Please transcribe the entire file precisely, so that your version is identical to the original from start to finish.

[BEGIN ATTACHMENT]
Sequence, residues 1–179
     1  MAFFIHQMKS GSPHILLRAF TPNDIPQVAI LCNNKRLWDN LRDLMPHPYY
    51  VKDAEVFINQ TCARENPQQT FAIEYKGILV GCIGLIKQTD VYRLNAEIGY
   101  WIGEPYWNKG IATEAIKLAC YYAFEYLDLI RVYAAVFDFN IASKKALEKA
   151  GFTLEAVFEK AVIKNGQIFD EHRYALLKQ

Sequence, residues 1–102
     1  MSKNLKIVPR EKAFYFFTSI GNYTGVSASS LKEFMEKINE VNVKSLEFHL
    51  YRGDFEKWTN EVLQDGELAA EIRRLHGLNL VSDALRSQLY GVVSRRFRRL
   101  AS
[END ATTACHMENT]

Sequence, residues 1–179
     1  MAFFIHQMKS GSPHILLRAF TPNDIPQVAI LCNNKRLWDN LRDLMPHPYY
    51  VKDAEVFINQ TCARENPQQT FAIEYKGILV GCIGLIKQTD VYRLNAEIGY
   101  WIGEPYWNKG IATEAIKLAC YYAFEYLDLI RVYAAVFDFN IASKKALEKA
   151  GFTLEAVFEK AVIKNGQIFD EHRYALLKQ

Sequence, residues 1–102
     1  MSKNLKIVPR EKAFYFFTSI GNYTGVSASS LKEFMEKINE VNVKSLEFHL
    51  YRGDFEKWTN EVLQDGELAA EIRRLHGLNL VSDALRSQLY GVVSRRFRRL
   101  AS